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Job's Battle With Despair

Job's Battle With Despair

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Published by glennpease
REV. SAMUEL HORSFALL

Job VI. 8, 9.

O that I might have My request, and that God
would grant me the thing that I long for If even
that it would please God to destroy me: — that he
would let loose his hand and Cut me off.
REV. SAMUEL HORSFALL

Job VI. 8, 9.

O that I might have My request, and that God
would grant me the thing that I long for If even
that it would please God to destroy me: — that he
would let loose his hand and Cut me off.

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Published by: glennpease on Mar 21, 2014
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JOB'S BATTLE WITH DESPAIR REV. SAMUEL HORSFALLJob VI. 8, 9. O that I might have My request, and that God would grant me the thing that I long for If even that it would please God to destroy me: — that he would let loose his hand and Cut me off. In the most distressing afflictions that can happen to the children of men, we find real grief power-fully persuasive. The tenderest feelings of hu-manity being then painfully wounded, the labour-ing mind dictates the most pathetic language ; and our sensibility is affected by the recital of the genu-ine story of undissembled sorrow. There is in real grief certain emotions which cannot be feigned, and which irresistably attract our pity ; and the tears we shed, as flowing from the purest compas-sion, seldom fail to give consolation where they cannot relieve. 96 SERMON VII.
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The manifold afflictions of the patient Job hate suggested the most affecting sentiments that ever melted the sympathetic breast of man. Suffering every calamity from the loss of all his substance that poverty could inflict; and sustaining the de-privation of all his children at the same time; we feel our minds impressed v\^ith melancholy on read-ing the exclamations of his poignant woe: and led by every generous impulse, we are involuntarily disposed to pity his accumulated sorrows. In his answer to Eliphaz, the Temanite, who had been declaring to bim the happy end of God's correc-tion. Job shews his complaints are not groundless; and in the text he anxiously wishes for death, wherein he is assured of comfort, as there would then be a period to all his grievous afflictions; " O that I might have my request, and that God ** would grant me the thing that I long for! — even *^ that it would please God to destroy me >-— that he *^ w^ould let loose his hand and cut me off!" Death indeed is the termination of the sufferings of human nature, and therefore as such it is desira-ble to the man in affliction. In Job, we perceive.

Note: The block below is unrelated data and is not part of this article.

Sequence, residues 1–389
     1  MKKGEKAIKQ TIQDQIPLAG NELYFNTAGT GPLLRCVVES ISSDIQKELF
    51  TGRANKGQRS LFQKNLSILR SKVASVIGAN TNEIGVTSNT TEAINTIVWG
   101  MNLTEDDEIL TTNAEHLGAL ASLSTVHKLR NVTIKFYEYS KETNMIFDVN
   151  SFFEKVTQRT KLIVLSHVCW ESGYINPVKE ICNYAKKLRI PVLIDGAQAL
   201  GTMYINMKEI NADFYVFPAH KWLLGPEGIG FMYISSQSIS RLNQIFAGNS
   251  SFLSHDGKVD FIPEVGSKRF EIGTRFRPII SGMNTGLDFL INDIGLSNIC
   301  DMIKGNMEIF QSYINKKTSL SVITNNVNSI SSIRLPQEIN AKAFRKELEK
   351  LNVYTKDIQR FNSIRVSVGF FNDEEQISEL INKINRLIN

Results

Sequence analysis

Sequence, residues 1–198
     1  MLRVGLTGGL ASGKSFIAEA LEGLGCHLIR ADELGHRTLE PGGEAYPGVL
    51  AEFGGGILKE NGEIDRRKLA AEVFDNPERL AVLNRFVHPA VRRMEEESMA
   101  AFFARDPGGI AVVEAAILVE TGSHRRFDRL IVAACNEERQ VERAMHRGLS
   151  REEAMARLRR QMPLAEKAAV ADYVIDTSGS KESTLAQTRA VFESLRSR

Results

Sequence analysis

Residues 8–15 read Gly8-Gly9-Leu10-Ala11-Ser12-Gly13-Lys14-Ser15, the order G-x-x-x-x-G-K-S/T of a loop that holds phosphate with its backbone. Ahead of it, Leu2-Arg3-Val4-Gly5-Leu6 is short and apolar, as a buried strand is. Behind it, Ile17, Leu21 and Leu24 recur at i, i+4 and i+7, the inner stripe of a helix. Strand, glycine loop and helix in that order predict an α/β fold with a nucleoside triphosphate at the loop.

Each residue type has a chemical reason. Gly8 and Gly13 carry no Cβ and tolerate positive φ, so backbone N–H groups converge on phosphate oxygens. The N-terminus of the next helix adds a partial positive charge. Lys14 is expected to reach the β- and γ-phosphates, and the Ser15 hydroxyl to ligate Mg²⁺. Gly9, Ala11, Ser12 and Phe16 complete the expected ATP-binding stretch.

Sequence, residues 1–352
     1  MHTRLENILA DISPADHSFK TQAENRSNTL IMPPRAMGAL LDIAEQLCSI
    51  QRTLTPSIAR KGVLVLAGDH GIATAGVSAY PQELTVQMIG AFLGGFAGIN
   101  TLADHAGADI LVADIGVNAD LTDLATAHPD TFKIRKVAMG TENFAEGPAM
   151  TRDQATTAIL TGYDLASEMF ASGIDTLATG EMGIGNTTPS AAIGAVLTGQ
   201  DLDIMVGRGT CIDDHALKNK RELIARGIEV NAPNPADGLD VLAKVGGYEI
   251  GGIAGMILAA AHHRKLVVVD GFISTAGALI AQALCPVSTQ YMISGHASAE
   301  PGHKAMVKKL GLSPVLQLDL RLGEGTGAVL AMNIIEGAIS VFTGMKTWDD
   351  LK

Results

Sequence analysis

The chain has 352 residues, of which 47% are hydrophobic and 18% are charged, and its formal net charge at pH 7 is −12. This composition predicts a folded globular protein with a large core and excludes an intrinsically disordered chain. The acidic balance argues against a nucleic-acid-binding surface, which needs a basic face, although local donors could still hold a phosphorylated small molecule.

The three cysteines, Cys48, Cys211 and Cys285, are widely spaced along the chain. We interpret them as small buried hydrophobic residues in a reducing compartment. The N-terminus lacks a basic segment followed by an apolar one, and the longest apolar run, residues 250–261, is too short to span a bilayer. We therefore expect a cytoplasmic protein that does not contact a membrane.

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SERMON VIL 97 a wish for it may be innocently indulged, for doubtless it is natural to pray for an event which alone can put a period to our sorrows, when hope cannot afford sufficient grounds for their being ter-minated by any other means. Nor do the lamenta-tions of grief, nor the wish for death, indicate de-spair, or imply a doubt of the goodness of God, only when carried to excess, and the means to arouse ourselves from the midst of sufferings are in our power; they then become criminal, as they evince an impatience inconsistent with the chris-tian duty of resignation. It is natural for the afflicted to suppose their own sorrows are justifiable, on the ground of the extraordinary degree of their calamity; and in-deed some afflictions are so truly lamentable, as to defy the power of friendly consolation, as in the case of Job, whose complicated distresses, brought on by a sad train of rapid and unforeseen events, ought to have inspired commiseration in his offi-cious friends, instead of the harshness of unfeeling
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